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I am looking at an application where I need to build out the user friend model as a graph structure. I need to go several degrees deep so using standard SQL in MySQL will not work due to the circular references. I have looked at the graph algorithms available and they involve loading the entire record set into a Graph object then doing operations on that. I can't afford to do this for every operation.

I would like to store the Graph object as a global object in memory and just make calls and updates to it. However, since Rails scales by creating separate processes I am going to have an almost immediate synchronization problem, since a single Rails process is only going to scale to a few simultaneous users.

Does anyone know a way to store an object in memory in Rails and keep it in sync between both requests and between the multiple mongrel/whatever processes?

At this point I am looking at a Java service for the graph operations since it scales using a thread model instead of a process model. I can scale big enough that I won't have to deal with the scaling issue for a while.

I would like to have an all Rails solution though because it will be easier to maintain and build.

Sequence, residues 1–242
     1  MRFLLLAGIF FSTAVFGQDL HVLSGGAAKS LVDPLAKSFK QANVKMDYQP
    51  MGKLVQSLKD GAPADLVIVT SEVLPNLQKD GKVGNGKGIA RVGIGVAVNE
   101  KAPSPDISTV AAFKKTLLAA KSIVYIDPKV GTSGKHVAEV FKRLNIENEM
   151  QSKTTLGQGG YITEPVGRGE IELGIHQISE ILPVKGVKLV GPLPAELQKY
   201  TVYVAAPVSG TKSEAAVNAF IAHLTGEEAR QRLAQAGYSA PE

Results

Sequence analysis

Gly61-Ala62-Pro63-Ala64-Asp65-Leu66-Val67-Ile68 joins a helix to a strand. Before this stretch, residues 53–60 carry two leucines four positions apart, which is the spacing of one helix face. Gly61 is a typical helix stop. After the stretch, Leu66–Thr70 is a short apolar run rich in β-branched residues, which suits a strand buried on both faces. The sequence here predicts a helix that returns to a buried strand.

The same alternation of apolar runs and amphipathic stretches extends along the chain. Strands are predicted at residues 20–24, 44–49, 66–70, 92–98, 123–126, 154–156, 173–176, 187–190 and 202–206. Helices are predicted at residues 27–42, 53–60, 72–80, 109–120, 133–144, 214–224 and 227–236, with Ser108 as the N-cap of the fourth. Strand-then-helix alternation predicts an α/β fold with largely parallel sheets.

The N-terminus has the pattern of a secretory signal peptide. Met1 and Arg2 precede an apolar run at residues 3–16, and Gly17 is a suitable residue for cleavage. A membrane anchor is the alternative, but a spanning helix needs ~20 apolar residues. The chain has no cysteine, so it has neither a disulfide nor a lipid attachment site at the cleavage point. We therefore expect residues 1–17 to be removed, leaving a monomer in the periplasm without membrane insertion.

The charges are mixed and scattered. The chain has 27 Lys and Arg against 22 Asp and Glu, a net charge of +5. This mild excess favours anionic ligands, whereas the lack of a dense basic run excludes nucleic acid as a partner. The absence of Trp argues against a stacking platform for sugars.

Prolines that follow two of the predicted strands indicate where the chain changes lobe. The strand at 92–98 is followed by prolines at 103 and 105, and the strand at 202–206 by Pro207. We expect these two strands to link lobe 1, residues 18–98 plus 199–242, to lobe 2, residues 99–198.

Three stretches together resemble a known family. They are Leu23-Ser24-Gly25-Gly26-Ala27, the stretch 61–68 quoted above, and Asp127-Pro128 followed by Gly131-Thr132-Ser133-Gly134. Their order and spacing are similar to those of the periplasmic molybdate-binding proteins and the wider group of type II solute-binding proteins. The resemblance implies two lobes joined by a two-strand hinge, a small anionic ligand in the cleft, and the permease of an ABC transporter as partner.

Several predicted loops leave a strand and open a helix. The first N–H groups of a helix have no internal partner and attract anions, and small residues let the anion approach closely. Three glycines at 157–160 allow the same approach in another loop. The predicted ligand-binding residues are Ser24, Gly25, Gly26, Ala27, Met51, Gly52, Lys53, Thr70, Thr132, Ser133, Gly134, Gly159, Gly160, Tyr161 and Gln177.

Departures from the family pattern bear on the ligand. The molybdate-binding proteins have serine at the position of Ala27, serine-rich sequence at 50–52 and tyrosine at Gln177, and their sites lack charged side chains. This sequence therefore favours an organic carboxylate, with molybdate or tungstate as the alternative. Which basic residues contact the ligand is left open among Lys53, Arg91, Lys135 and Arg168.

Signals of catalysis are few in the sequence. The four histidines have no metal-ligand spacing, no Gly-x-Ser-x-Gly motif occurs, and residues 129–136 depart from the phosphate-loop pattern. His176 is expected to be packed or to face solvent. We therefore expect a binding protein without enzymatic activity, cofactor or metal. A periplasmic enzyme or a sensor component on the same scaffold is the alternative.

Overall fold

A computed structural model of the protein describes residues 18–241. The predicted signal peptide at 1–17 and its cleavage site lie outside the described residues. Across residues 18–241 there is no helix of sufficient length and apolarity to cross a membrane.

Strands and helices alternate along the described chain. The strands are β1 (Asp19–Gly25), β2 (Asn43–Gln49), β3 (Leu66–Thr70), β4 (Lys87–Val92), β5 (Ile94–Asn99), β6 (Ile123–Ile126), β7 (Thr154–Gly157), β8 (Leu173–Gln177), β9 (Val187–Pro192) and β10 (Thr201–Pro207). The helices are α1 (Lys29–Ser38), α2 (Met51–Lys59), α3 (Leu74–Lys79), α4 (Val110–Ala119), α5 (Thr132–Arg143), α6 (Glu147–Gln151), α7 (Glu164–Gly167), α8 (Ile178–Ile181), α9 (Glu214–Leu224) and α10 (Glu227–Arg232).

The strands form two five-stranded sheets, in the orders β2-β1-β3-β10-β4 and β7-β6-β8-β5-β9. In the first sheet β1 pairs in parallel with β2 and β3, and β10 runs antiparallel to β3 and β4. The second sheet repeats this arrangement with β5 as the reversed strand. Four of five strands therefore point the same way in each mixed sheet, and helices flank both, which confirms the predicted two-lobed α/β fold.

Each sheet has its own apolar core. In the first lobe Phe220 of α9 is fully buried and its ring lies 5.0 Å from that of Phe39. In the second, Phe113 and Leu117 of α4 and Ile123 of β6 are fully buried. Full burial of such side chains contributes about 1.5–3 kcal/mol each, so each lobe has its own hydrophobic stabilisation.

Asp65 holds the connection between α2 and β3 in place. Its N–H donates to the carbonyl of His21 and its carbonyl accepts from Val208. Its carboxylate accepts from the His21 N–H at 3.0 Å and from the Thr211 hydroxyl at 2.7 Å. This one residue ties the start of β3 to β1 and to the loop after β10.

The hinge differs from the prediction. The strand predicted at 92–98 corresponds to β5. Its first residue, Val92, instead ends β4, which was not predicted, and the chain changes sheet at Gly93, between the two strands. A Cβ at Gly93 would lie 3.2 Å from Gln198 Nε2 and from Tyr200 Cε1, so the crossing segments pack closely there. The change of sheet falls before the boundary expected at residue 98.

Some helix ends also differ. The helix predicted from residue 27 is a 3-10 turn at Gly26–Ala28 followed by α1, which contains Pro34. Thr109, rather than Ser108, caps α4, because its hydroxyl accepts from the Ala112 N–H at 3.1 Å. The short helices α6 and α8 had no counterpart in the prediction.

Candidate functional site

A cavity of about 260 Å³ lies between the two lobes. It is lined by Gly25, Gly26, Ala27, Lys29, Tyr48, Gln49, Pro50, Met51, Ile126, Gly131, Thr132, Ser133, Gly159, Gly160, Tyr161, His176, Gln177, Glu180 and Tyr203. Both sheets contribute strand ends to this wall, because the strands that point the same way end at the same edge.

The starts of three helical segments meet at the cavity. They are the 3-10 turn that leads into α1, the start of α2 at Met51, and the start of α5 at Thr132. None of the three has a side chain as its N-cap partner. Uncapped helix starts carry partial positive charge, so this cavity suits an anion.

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Great answers below and while I am not specifically using one of them, I am going in that general direction. Since this is a social graph problem I am looking at neo4j, since that is a social graphing database. –  Bill Leeper Sep 15 '10 at 11:51

3 Answers 3

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One option would be to build a small rack application that you load the data in to. The logic for querying and computing your data will be in that rack app. You can use normal HTTP calls to localhost in order to transmit whatever you need to transmit (generated HTML? Something else?) from the rack app to your rails app.

This is basically a workaround to having multiple processes for your Rails application. I'm sure there are better solutions out there, such as memcached, NoSQL databases, and so on.

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Redis is the tool you're looking for.

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Interesting, I saw some posts where people used this for social graphs, so I will dig a little deeper –  Bill Leeper Jul 18 '11 at 13:40

It sounds like you may need a distributed hash table, or maybe something something like CouchDB as an alternative to a RDBMS.

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